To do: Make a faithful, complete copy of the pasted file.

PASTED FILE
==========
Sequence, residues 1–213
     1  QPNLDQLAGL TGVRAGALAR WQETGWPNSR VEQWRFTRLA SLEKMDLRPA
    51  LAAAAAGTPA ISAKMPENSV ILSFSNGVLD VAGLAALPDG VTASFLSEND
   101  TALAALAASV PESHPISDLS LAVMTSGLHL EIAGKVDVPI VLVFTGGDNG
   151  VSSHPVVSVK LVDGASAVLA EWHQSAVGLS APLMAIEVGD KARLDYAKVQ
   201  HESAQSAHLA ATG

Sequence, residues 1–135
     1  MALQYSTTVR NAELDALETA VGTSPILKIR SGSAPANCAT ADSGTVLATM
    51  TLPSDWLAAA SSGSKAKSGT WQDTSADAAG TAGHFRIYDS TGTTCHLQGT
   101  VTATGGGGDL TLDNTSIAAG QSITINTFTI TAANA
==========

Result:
Sequence, residues 1–213
     1  QPNLDQLAGL TGVRAGALAR WQETGWPNSR VEQWRFTRLA SLEKMDLRPA
    51  LAAAAAGTPA ISAKMPENSV ILSFSNGVLD VAGLAALPDG VTASFLSEND
   101  TALAALAASV PESHPISDLS LAVMTSGLHL EIAGKVDVPI VLVFTGGDNG
   151  VSSHPVVSVK LVDGASAVLA EWHQSAVGLS APLMAIEVGD KARLDYAKVQ
   201  HESAQSAHLA ATG

Sequence, residues 1–135
     1  MALQYSTTVR NAELDALETA VGTSPILKIR SGSAPANCAT ADSGTVLATM
    51  TLPSDWLAAA SSGSKAKSGT WQDTSADAAG TAGHFRIYDS TGTTCHLQGT
   101  VTATGGGGDL TLDNTSIAAG QSITINTFTI TAANA